Celtic - Etymology of Senande

Margrave

Member
English-UK
Hi! :)

I am looking for possible etymology(ies) for the Galician toponym senande. Sen seems to me from sean=old. However, I am stuck with ande. It seems not from anta (stone slab).

Any advice is welcome!

Rgs

MG
 
  • Cossue

    Senior Member
    Galician & Spanish
    These place names, together with others (Sernande), evolved from the name of an old possessor, expressed in genitive.

    In particular, Senande, A Cañiza, Pontevedra, is attested as Sisnandi in 934, this being the Latin genitive of the personal name Sisnandus, Germanic in origin; the fist theme is either related to Old High German sisu, glossed as 'carmen funebre'; or either to PGmc *segaz 'victory'; the second theme is *nanþaz 'daring'.

    So they mean 'Sisenand's (property/villa)'.
     

    Margrave

    Member
    English-UK
    @Cossue, good morning and thank you.

    I finally found out one possible root for the germanic -nand: kunnandi=knowledge, huggjandi=wisdom, leikandi=sport, jest. Sisu+nandi, he who knows about the carmen funebre, the ritual funeral singing. I believe nanþaz is a better option, because the ancient peoples loved to attribute glorious, courageous, daring names to their children.

    However, there is Bustamante. Boustom is attested in the Botorrita plaques as meaning stable, corral. The very root of boustom, could be from protoceltic bow (bull, cow). This leaves us with the -ante termination. Therefore, while there is a germanic -and, -andi, -ande termination, it seems that there is also -ante, which is probably not germanic but perhaps iberian, celtiberian or celtic? If this is true, what would be the possible meaning of -ante? This is where I got stuck.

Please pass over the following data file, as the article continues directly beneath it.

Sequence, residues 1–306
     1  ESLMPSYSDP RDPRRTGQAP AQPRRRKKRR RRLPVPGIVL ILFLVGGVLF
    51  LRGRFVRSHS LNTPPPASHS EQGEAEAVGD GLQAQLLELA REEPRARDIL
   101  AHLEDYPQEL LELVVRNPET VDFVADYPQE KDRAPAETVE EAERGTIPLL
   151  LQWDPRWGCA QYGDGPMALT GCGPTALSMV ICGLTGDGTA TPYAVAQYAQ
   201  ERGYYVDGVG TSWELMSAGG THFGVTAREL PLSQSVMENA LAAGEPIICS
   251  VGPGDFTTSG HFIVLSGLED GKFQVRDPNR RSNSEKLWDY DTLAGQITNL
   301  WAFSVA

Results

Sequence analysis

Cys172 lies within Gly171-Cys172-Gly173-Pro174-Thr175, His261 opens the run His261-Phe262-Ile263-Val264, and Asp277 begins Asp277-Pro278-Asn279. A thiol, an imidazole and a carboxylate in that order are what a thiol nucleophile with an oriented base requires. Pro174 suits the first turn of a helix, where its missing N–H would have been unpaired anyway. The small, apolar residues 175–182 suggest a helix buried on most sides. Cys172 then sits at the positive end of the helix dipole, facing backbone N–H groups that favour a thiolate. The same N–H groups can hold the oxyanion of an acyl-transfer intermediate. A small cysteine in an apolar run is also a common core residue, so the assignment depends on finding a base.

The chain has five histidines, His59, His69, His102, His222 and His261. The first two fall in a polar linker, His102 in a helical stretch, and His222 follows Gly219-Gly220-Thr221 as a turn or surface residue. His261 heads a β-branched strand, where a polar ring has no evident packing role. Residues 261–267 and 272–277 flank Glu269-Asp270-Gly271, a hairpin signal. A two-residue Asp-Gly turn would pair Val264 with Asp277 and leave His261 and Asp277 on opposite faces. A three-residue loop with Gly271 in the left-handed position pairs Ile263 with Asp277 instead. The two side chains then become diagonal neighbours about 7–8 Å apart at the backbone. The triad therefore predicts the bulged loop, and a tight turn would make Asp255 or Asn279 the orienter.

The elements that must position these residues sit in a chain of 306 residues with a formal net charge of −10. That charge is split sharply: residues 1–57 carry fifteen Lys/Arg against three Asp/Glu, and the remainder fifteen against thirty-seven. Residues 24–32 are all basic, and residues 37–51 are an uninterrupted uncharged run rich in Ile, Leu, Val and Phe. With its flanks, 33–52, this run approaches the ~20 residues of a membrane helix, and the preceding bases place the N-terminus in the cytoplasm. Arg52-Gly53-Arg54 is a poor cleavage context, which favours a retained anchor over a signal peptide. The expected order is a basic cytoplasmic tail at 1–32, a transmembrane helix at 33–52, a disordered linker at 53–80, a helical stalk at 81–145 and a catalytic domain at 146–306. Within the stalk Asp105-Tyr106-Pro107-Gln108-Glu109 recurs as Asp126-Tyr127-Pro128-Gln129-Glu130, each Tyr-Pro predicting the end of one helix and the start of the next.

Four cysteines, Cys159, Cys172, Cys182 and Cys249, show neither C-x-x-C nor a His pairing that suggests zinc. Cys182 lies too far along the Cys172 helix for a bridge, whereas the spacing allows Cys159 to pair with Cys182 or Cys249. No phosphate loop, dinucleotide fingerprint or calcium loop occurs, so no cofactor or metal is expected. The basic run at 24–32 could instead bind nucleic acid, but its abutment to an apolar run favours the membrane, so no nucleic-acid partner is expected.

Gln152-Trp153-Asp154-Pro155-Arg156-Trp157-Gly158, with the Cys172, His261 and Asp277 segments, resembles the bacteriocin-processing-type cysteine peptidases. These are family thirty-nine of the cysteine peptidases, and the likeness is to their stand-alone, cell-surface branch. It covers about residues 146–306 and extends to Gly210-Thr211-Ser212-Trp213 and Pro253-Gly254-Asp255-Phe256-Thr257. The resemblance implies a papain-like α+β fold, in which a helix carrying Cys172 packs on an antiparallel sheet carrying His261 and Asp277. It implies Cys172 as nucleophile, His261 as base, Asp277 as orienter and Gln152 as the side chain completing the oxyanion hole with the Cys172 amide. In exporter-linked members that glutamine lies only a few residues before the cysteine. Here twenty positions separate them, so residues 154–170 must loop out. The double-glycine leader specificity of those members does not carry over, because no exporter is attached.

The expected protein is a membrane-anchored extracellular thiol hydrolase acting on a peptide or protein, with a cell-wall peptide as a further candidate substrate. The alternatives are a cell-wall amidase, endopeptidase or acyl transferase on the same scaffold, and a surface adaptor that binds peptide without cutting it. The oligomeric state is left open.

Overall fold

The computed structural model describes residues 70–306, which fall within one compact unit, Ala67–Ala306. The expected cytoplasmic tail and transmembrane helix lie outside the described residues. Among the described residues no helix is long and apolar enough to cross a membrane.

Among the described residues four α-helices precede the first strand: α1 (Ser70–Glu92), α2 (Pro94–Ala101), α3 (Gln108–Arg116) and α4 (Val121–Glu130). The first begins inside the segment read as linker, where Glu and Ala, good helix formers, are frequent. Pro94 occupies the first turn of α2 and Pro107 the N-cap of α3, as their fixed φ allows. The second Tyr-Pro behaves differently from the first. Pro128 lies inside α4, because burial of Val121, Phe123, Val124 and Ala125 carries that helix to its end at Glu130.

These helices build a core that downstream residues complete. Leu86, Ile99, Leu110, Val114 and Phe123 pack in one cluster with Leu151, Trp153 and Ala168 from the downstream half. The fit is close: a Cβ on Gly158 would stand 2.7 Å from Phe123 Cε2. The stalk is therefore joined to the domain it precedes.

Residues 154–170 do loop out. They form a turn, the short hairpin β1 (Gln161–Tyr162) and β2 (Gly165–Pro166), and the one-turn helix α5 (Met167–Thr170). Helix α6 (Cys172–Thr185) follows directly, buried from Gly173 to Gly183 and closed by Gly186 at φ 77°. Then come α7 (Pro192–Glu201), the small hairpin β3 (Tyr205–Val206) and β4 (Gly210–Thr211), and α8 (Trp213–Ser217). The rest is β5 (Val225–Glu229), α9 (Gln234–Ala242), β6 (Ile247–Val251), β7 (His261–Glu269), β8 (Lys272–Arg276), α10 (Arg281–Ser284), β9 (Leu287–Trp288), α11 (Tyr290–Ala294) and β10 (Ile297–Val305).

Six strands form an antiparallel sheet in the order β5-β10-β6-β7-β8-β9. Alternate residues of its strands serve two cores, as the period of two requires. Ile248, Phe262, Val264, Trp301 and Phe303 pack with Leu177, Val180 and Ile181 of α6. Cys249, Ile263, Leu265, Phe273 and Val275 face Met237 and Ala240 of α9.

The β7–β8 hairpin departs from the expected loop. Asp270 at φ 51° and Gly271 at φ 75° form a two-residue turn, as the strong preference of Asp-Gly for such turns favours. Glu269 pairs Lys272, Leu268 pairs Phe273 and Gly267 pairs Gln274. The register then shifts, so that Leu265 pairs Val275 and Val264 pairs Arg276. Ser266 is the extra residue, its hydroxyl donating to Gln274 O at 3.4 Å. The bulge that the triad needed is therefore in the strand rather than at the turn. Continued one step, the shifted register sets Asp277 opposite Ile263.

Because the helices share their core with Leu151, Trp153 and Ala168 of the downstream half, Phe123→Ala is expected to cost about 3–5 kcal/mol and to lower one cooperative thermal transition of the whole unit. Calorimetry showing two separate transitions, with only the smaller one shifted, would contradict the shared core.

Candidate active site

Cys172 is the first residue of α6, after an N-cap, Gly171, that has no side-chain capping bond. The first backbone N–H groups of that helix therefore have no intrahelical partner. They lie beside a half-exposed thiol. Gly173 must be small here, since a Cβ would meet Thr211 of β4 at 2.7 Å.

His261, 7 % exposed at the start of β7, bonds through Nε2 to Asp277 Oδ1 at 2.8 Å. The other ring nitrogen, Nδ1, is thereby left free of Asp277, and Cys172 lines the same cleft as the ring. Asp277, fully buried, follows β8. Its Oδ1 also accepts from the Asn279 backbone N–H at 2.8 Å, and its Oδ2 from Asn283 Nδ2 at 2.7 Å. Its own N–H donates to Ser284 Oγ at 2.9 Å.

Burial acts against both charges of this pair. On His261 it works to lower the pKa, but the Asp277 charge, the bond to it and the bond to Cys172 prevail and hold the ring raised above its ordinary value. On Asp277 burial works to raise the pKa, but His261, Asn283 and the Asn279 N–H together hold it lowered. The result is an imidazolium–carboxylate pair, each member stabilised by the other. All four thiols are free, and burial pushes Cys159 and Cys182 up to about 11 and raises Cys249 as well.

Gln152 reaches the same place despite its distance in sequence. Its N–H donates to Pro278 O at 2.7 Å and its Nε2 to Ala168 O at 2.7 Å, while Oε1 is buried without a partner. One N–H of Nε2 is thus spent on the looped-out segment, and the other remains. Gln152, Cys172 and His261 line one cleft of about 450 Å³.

Please, let me know your thoughts about -ante.
     

    Cossue

    Senior Member
    Galician & Spanish
    Bustamante in my opinion is perhaps (just perhaps) a *Busto Amanti 'Amantius' Farm'; there are comparable toponyms in Galicia: Bustiguillade < Bustum Guiliadi 1038 < *Busto Wiliahathi, Bistipoi < *Busto Pauli, Bistixoán < *Busto Iohanni... Busto is attested in local medieval Latin documents as 'dairy farm', and in medieval Galician as 'herd of cattle'; it must be also related to Welsh bustach 'bullock'.

    In any case there is a -ante, -antes suffix present in Galician and northern Iberian pre-Latin place names; for example in the very frequent Serantes, attested as "C(astello) Serante" (ablative) in a Roman inscription; and also in Barbantes (river), Barrantes, Bemantes < Vemantes 1167, Curantes, Marantes < Marantanes 1207, Ourantes… Either they are the result of PIE *-ent- suffix which forms present participles or of *-onts.

    Also Bragança < Brigantia, As Anzas < Alesantiam 775 (a river), Arganzo (a river), Arganza (a river), Aranza, Barbanza (a river)…
     
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    Margrave

    Member
    English-UK
    Arganzo, arganza, probably from arkanto, and Serante, Arantes and other, I could never in my mind link PIE -onts to them. Thank you for your very interesting post.
     
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